Yesterday, 9/15/2020, the Governor General of Barbados announced in her Throne Speech that cannabis will be decriminalized for its possession and use in small amounts.
14 grams the equivalent of a 1/2 ounce, will be a ticket-able offence, instead of being one that you can be arrested for and jailed.
Persons caught with 14 grams or less can be given a $200 ticket that has to paid in 30 days. Being fully aware that the Throne Speech is not law and related legislation has to be drafted to support this move to “decriminalize”, what has been presented to the people of Barbados as it relates to cannabis “decriminalization”, leaves much to be desired.
Barbadians have taken to social media in their droves, and as I read the numerous post related to yesterday’s announcement, with the comments that followed, one word stood out, “CONFUSION”.
Cannabis Barbados while not being confused or even surprised by the absurdity of the governments intended plan to decriminalize small amounts of cannabis, finds it offensive and insulting. The justification for these intended actions only add insult to injury.
That the cost of policing and prosecuting persons for possession and use of small amounts of cannabis is not economically viable, was a justification used. Thus in a shrewd economic adjustment program, almost 90% of the cost of a cannabis offence is now paid by the offender. Now, for the cost of a ticket, the government can make $200 from small quantities of cannabis that can cost from $2.50 to $600. Added to this, for the cost of $200 you will not have a conviction against your name, which in many ways can hinder development and empowerment for the convicted (the one silver lining in this dark cloud of cannabis confusion). No mention was made of any intention to expunge criminal records held by persons previously convicted of a soon to be ticket-able offence.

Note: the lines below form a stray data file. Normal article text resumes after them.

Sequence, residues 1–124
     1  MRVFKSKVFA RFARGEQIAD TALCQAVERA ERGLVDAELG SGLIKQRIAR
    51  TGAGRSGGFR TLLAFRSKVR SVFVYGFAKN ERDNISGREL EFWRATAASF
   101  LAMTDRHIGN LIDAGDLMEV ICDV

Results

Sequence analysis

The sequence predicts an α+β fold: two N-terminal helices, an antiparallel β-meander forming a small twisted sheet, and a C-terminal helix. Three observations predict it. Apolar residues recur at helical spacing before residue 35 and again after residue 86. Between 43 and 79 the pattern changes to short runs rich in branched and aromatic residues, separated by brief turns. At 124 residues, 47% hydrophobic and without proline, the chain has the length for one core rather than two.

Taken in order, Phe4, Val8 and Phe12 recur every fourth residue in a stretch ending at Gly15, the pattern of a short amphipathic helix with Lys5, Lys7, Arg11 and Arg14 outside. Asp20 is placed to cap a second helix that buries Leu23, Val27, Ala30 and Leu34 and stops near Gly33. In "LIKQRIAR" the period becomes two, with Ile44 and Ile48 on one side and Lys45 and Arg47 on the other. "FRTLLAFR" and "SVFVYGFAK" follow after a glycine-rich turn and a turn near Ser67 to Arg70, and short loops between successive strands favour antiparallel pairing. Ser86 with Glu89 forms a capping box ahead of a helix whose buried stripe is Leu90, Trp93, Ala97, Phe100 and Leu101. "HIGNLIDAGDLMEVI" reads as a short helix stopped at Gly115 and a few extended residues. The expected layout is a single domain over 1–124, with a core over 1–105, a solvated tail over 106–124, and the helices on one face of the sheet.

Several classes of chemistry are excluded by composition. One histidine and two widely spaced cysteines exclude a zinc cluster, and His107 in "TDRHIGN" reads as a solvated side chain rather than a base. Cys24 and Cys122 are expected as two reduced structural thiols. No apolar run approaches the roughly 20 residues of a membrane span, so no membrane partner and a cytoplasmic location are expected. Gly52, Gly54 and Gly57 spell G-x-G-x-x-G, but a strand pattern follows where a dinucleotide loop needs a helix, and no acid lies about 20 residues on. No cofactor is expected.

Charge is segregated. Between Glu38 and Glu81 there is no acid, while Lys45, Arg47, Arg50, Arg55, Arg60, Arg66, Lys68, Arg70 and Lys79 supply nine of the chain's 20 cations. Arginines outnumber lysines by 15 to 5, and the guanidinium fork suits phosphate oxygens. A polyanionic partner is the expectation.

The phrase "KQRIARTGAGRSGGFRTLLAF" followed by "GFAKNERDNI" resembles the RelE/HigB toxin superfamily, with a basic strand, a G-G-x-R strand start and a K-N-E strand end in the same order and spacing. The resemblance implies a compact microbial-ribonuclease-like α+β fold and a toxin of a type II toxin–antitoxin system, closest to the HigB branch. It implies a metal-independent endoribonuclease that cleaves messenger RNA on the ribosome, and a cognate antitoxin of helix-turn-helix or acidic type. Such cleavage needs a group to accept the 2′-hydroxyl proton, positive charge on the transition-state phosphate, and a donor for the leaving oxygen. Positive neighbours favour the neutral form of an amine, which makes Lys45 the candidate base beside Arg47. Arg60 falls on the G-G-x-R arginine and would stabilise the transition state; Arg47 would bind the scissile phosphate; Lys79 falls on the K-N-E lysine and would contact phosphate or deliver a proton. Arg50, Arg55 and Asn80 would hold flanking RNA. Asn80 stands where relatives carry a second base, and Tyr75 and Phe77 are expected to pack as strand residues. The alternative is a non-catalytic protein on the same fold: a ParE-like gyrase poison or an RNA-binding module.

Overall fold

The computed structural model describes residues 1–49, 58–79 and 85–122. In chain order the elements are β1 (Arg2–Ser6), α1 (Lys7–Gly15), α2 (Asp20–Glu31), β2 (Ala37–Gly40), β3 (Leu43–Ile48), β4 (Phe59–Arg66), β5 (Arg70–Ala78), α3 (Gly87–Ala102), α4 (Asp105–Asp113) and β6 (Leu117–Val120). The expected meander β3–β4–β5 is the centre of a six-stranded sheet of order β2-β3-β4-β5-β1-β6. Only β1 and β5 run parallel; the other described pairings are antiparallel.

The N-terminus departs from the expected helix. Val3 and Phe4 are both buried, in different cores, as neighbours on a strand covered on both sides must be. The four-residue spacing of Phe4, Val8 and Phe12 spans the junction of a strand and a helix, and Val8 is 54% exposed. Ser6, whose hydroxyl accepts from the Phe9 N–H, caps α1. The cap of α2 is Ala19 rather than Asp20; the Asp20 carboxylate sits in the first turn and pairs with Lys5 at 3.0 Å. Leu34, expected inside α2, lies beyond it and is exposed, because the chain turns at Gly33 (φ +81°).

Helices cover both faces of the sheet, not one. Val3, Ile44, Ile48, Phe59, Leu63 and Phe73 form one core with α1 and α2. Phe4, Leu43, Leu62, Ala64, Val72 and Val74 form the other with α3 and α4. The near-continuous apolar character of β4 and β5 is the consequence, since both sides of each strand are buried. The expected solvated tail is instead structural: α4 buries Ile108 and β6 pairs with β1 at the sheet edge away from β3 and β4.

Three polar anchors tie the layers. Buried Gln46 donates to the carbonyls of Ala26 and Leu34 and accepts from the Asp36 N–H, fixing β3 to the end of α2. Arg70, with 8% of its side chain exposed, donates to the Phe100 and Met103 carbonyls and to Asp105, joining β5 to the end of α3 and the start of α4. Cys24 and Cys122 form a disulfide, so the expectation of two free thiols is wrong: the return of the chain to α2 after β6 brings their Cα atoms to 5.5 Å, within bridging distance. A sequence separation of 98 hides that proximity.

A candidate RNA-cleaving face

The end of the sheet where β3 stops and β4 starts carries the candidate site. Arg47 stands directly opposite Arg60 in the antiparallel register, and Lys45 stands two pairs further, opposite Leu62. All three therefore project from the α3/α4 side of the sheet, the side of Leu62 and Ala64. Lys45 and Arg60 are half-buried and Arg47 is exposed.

Barbados’ government, despite tons of research and evidence given on the health and social impact of cannabis in a society, that dispel the propaganda that cannabis is a dangerous drug and should be treated as such, treats it as such. It is with this in mind that Barbadians will still be penalized for something that should not even be an offence to start with. How is it that 100% of dangerous drug research has located alcohol as a more dangerous substance than cannabis, yet it is socially accepted and carries no legal penalties for adult use, but you want to give us a fine?
Cannabis Barbados encourages Barbadians to speak up on the issue and let the government know, we will not be paying any $200 for 14 grams or less. The offices of the Prime Minister and Attorney General should be flooded with letters of total dissatisfaction, and disgust over the framework of the intended move to “decriminalize’ cannabis. Likewise media houses should also be sent copies of the letters directed to the aforementioned parties. Cannabis Barbados will consider the formulation of a petition, that when complete, will be delivered to the government demanding that they rethink its structure of cannabis “decriminalization”. All protest action against this unconscionable suggestion for cannabis decriminalization legislation by the Prime Minister, (who wrote the Throne Speech that was read by the Governor General) , should be met with a blatant refusal to pay the $200 ticket by all Barbadians found guilty of the related offence. If the Government will not listen to the people, then the people must act in collective resistance against its continued cannabis tyranny.
It will be interesting to see if decriminalization for cultivation of small amounts of cannabis will be included in the supporting legislation for this nonsense. If it does contain such a clause, unlike possession and use, it may not carry a $200 fine and a ticket. Should the government fail to address cultivation, as it crafts legislation for “cannabis decriminalization”, it will empower the illegal cannabis trade and those who control it. The question then is, if I am allowed/ not allowed 14 grams of cannabis, where do I get it from? BLP – Building Ludicrous Policies – Creating Confusion!